links below. The first is Bill talking about the
terrible tragedy of the Connemara. The second tells
a story about another collision where the vessel,
the "Slanes Castle", was lost but the lives were
saved by a quick thinking deck-hand. Click
Here to read more about the sinking of the
Connemara and Retriever.
Bringers of luck
The fishing fraternity like many others is traditionally
superstitious and certain things are believed to
have strange powers. It was, for instance, considered
to bring bad luck to talk about rats or pigs on
board a fishing boat and fishermen would be very
annoyed with you if you did. Many also believed
the humble seagull to have a special purpose from
beyond the grave.
Today boats are nearly all built with the aid of modern technology. Computer aided designs can re-shape a hull and indicate the exact water-line and project where weight should be distributed etc. Such things seem common and rather unimpressive in this hi-tech age. We consider tools such as power saws and electric drills as fairly lowly basic necessities. Few would tackle even a simple job without them. Things were not always so. Although work for a boatbuilder was not easy in the early fifties when Bill Quinn started out, it was much harder again for previous generations. Many of the modern effort-saving aids we take for granted today had not been thought of. Bill comments on the difficulties faced by the previous generation to his, involved in boatbuilding before any kind of mechanisation or automation was available.
Selling the catch
The whole point of fishing was of course commercial
and the fish had to be landed and sold to the customer.
Today this is a high speed industry and fast-frozen
produce is distributed to processing plants and
retailers around the world in all manner of packaging
and under many brand names. Bill remembers how,
during his schooldays, door-to-door fish sellers
known as "Cadgers" would come around the streets
with herring for sale. If you didn't have money
to pay them they'd readily bargain with other types
of currency such as eggs or cheese.
A view of Kilkeel harbour and fishing fleet taken in 2002.
Bill Quinn on Radio Ulster
Shortly after this story appeared on Your Place & mine Bill Quinn spoke to BBCNI's Walter Love on his Radio Ulster Sunday programme "Love Forty". Bill told yarns with the kind of wit and humour typical of the locality and its people.
Another "working lives" story also based around
a Co.Down Shipyard is that of Patrick Durkin from Warrenpoint.
Click here to
JEAN KERR - July '08
GREAT INFO! I WAS IN DROMORE AND KILKEEL THIS YEAR AND
HOPE TO GO BACK NEXT YEAR - IM TRYING TO TRACE KERRS
AND DOWNEYS FROM KILKEEL AND DROMORE
Pat (was Wray-McCann) - June '08
Beverley McCann - if you want information about the
Wray-McCann family I may be able to help you. Please
contact me at patriciabuonataoldotcom
Gerry Doyle - March '08
Hello Robert J Wilson,
The Wilsons are still going strong in Kilkeel and
Mourne. David is well into his 80s and walks from his
home down to the harbour and home again every day,
weather permitting Robert (Bob) is well into his 90s
and lives in Belfast. That is only two of the older
ones. There are a lot more but they may not be on the
internet. If you want to get in touch with them drop
me a note.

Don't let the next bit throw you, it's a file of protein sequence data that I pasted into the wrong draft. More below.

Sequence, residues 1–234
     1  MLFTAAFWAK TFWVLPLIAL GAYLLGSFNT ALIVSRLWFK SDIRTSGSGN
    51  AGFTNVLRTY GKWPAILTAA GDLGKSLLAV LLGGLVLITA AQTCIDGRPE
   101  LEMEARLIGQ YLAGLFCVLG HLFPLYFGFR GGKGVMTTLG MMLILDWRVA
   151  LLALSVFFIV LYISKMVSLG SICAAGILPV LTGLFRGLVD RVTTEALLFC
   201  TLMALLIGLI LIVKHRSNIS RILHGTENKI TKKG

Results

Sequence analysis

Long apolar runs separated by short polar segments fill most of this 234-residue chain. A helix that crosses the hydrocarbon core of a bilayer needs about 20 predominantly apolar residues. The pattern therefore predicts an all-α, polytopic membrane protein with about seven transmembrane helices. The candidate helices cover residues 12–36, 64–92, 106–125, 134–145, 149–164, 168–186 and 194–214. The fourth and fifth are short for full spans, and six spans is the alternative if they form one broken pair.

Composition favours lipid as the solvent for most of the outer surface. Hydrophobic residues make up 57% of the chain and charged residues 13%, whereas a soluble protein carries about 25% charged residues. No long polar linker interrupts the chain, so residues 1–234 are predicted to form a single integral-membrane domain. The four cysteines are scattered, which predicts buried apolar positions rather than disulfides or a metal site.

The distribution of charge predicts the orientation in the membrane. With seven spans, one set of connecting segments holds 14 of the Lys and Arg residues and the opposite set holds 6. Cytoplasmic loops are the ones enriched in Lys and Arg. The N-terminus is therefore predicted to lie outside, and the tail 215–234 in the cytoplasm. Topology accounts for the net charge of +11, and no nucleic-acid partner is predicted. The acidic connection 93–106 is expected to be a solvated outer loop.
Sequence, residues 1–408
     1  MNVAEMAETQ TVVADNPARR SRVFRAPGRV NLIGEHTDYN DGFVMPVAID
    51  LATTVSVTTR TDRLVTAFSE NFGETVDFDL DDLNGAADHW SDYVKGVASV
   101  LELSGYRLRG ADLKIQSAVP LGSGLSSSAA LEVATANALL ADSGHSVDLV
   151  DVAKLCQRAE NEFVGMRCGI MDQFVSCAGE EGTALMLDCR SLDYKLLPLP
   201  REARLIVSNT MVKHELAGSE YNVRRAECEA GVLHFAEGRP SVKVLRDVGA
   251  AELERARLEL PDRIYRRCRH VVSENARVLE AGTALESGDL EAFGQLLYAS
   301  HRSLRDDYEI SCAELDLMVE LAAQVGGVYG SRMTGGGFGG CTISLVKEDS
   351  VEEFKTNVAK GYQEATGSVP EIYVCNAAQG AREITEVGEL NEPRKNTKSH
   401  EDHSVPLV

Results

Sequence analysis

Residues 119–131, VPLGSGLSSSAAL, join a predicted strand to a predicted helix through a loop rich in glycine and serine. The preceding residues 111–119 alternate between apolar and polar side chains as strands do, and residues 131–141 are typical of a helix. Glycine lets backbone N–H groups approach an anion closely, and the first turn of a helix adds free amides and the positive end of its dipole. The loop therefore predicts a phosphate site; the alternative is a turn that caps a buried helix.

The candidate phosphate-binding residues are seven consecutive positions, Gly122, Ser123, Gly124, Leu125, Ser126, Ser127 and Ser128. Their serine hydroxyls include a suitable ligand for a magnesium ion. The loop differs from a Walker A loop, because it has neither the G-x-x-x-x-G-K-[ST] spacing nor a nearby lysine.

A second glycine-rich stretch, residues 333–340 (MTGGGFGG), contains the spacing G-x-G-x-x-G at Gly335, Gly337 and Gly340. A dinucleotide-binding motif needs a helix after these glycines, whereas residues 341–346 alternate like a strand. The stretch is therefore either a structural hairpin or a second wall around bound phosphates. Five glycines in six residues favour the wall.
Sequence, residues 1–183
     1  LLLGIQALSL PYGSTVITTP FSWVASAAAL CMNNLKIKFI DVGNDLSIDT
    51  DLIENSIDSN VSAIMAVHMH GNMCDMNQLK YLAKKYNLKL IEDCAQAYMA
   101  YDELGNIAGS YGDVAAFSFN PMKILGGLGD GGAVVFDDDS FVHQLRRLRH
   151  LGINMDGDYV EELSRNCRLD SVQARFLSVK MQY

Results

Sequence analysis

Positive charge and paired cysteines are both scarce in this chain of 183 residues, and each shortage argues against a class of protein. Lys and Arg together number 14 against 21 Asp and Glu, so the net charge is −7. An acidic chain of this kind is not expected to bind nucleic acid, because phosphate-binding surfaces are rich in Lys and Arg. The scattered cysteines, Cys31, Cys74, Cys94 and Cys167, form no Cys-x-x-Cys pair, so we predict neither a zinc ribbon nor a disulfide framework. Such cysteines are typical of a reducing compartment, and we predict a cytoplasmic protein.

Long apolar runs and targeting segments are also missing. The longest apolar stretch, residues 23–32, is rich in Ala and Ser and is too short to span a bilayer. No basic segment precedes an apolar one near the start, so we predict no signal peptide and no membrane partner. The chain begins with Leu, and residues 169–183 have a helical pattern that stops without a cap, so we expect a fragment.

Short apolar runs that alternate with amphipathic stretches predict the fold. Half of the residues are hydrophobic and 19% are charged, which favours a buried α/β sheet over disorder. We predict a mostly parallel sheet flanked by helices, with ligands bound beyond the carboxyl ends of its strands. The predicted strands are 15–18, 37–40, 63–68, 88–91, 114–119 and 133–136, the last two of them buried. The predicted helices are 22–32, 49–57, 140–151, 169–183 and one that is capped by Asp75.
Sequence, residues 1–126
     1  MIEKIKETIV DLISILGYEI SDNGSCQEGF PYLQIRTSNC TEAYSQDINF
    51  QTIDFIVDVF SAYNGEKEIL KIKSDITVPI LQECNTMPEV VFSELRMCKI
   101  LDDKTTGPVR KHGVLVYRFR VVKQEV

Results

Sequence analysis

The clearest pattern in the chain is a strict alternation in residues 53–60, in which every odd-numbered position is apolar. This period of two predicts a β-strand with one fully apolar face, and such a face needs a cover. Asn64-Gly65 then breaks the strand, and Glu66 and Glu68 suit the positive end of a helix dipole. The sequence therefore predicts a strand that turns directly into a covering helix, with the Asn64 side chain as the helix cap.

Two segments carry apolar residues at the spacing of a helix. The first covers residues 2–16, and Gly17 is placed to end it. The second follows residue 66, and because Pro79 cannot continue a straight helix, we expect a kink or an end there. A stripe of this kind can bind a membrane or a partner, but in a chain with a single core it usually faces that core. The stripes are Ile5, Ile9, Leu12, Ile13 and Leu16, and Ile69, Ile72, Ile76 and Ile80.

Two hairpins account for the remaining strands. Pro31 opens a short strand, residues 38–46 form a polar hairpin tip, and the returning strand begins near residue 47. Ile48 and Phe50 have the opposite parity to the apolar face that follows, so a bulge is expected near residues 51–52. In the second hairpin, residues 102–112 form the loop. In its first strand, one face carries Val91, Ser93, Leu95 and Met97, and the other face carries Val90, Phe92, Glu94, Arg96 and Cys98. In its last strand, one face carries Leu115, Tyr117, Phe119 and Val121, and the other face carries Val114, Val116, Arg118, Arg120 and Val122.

BEVERLY MCCANN - Jan '08
DOES ANYONE REMEMBER THE FAMILY OF DR. HUGH WRAY-MCCANN
IN THE LATE 20s TO THE EARLY 60s IN KILKEEL?
HILDA SULLIVAN NE VANCE - Apr '07
My great grandmother came from Kilkeel her
father and brothers were all fishermen, Her name was
Mary McNaughton she married my great grandfather who
was from Downpatrick, His name was John Vance . There
were Great troubles in Northern Ireland at that time
and my great grandmother who was of a different religion
to John was rejected by his family and his family never
spoke to him again .They went on to have six children.
I am trying to find my family tree but am finding it
hard to do as I cannot find out anything about Mary
Mcnaughton and I dont know if any of Marys family are
left now. I do know that Mary had a sister called lizzy
but that is about it. Any one that could have told me
more about Mary have passed on to a better place now
and I would have loved to have known my ancestors from
Kilkeel and to have felt a part of that beautiful place.
Robert J Wilson - Mar '07
My father's family originally came from Kilkeel. Last
name Wilson. Came over here to Canada around 1916 with
my Grand parents. My Grandfather's brother David Wilson
lived there until his death. Probably still have relatives
There is a story I was told by my father, about the
fishing fleet from Kilkeel during the first world war.
Apparently a large number of boats were out fishing
and a German sub surfaced and ordered all fishermen
out of their boats and into one, which was my dads
Uncles' boat and then proceeded to sink all the others.
My dads Uncles' boat was the only one to return to
port. A case of chivalry on the high sea's during the
war at that time.
I have always wondered if this was a true story or
not. Can you verify if this is a true story?
A S Simpson
I'm looking for a boat named The Nancy and
probably operating in the 1850's
Johnny Byrne - Sep '06
Very interesting piece. It brings back many memories
for me having grown up in the fishing port of Arklow
Co. Wicklow. I was just wondering does anyone know of
any connections between ARKLOW and the fishing ports
of Co. DOWN. In particular I am thinking of my uncles
Johnny and Pat Hickey who fished out of Arklow for over
40 years and would make regular trips to Portavogie
during the 60's .Their boat was named the Ros Aoibhinn.
Also my grandfathers boat Ben Mo Chroi was built in
Portavogie. I would be gratefull for any info or links.
Charles Spinks - Jan '06
Thank heavens I found this site. I was born in Kilkeel
in 1944. My mother, Peggy Gorman married a G.I. and
left Kilkeel in 1946. We have been back many times to
visit her brother and sisters who have now passed on,
my mother is now 86 and wants to take another trip.
I can sit and listen for hours to tales of her growing
up in and around Kilkeel. The last time we were "home",
the house where I was born was still standing, boarded
up, but still there, in Dunavan, up at the top of the
Scrogg Rd, nearly across from Jim Joe Smalls shop. Makes